Always best to find out what you can and can't do, before you have to, and then adjust your riding to your real abilities.

    Yeah, tailgating and following WAY too close is so common around here for all brands, styles, age groups, and traffic conditions that I see bikes in. Yet I'd bet those are the same riders claiming good riding skills, or experience, but also complaining about cars not respecting their right of way. I found years ago that actively, aggressively working at keeping a clear, open following distance did TONS to improve my traffic situations and dramatically reduce my instances with other road users.
    Get trained! The best "performance" upgrade you can get is YOU. Visit for training info.

  4. #4
    Pusser's Pyrate Society Zygmund's Avatar
    Join Date
    Oct 2008
    State of Hockey
    Started racing MX back in the 70's and learned how to use the brakes and what running a line meant.
    Once I started riding street machines I wanted to convert my dirt skills to the street!
    What I discovered is that the braking power on good equipment (BMW) was such a key element of smart and safe riding.
    Last October the president of our company wanted to reward his employees for a great 2012 so he signed us up for a track day at Brainerd International Raceway and the Performance Driving School!
    We had the track for the day and SCCA spec racers, fire suits,helmets, etc.
    it took me a few sessions but I figured out the line and braking points and man you could really stand on those brakes and make those race cars perform!
    I came away with a greater appreciation of braking power and how it effects the machine and I apply that feeling everyday I throw a leg over the RT and work on my braking skills!
    Great topic Andy!!

    '02 R1150RT

  5. #5
    Registered User
    Join Date
    Jun 2003
    Northern Front Range, CO
    This from MCN in a comparison between the 2006 Trumpet Speed3 and the Buell XB2S Lightning:

    "MCN?s record for 60 mph-zero stopping was set by a previous Speed Triple back in 1999 at 106.7'. We honestly never expected to see a shorter stop as repaving had apparently reduced the traction at our test site. However, the 2006 Speed Triple?s very first stop was below the record, a 106.0' result! But, the first practice stop is never the best, so we had to doubt our own equipment. The second stop was even better, 104.75'! The computer trace of the radar?s input was flawless, and no errant data points made an appearance. Although the test rider said he didn?t think it felt that fast, the computer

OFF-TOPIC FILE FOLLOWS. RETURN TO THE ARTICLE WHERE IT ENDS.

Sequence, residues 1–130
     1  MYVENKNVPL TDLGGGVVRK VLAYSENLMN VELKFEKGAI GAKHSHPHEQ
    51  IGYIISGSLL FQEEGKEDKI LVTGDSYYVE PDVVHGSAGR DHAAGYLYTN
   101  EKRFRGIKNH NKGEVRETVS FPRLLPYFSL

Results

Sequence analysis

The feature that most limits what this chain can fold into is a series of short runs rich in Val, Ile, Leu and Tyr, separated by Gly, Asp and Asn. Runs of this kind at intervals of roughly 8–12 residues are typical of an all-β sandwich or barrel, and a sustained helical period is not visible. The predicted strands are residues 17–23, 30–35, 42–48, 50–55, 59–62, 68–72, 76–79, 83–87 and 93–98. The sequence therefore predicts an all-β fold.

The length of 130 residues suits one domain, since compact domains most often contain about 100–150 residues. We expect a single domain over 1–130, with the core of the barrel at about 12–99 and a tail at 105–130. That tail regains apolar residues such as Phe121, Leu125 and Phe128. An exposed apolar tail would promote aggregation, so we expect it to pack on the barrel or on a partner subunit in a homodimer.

technician?s point of view was that it looked that fast. On a third try, deliberately not as great an effort to check the radar?s result, netted an impressive 110'. That was enough for us, with two stops in our Top 10 of All Time, the Speed Triple surpassed?another Speed Triple to take the crown."

    Wow! That's quite a bit better than any of those "newest, hottest, bestest" bikes that AVH listed above. Things that make you go "hmmmm".

    I suspect that the average data posted in that chart came from tests such as this; professional riders under perfect test conditions with brand new equipment. It's a measure more of what the bike can accomplish in the right hands than of what an "average" rider can achieve.
    Like Andy, I've taught numerous advanced riding classes, and typically find that braking performance of students (that would be "most of you") is "somewhat lacking" (to be polite about it) on first attempts, but does usually show legit improvement after multiple practice runs. Getting riders to stay out of their ABS, yet to use their front brake to it's (near) potential are the greatest challenges. Some never rise to the challenge, some shine- but ALL do better after observed/directed practice.
    Ride Safe, Ride Lots

  6. #6
    NC Piedmont Rider ncstephen's Avatar
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    Jan 2009
    Hillsborough NC
    I have been attending Reg Pridmore's CLASS the last few years. On the track at VIR are several places to experience heavy braking. One such place is where speed will be 70-80 mph and drops for a 35-45 mph turn. Another is where speed is 100-115 and drops to a 55 mph turn. Turn 1 is daring for those wanting to do heavy braking as it is from 100-150+ mph down to a 50 mph turn. I tend to leave extra margins there.

    On the BMW K12 RS with linked brakes I was always impressed at how hard I could be stopping. Yes your eyes feel like they are bugging out a bit. Yet even with this hard braking, I never had ABS kick in so I was not at the maximum. In another school I had another student mistake a coaches signal for me to pass as a signal to come over. In that instance I had to move from acceleration to probably my hardest braking ever from about 75. The S1000rr stopped hard. I almost think the rear lifted a bit. Still no ABS kicked in

    Here is a pic of me learning a new bike this year. Again I am having to learn how the bike works. The front suspension of the K RS like other BMWs keeps it very level during braking. Here I am having to learn how to easily roll off the throttle and ease into heavy braking and then ease off so the front never suddenly dives or recovers. It makes a world of difference when done well. I only manage it well to a limited degree. Still even at this level the bike never was unruly or the tire feeling on the verge of slipping. No ABS here. Was this a pic of me truly braking hard or one of the marginal times? Not sure as there is still room for the forks to compress more.

    So in all of this, yes I do practice this but clearly not to the point of having short stops. I have a better picture of what is capable from hwy speeds of 70-90 yet I have not in any sense perfected a short stop. I could apply more. In some reading I ran across a statement that I cannot verify. It was partly mentioning that the higher level of braking of the servo assisted brake of mid 2000 BMW bikes was done so because they wanted the driver/rider to use the brakes harder as the ABS was the safety net. It suggested that most riders really don't use near the potential braking available so they were designed so the brakes would move into harder braking than most might initiate otherwise.

    So I guess in this thread is a challenge for us to improve our hard braking.

    03 K 1200RS (Black is Best)
    03 Honda RC51
    74 Honda CB750 K4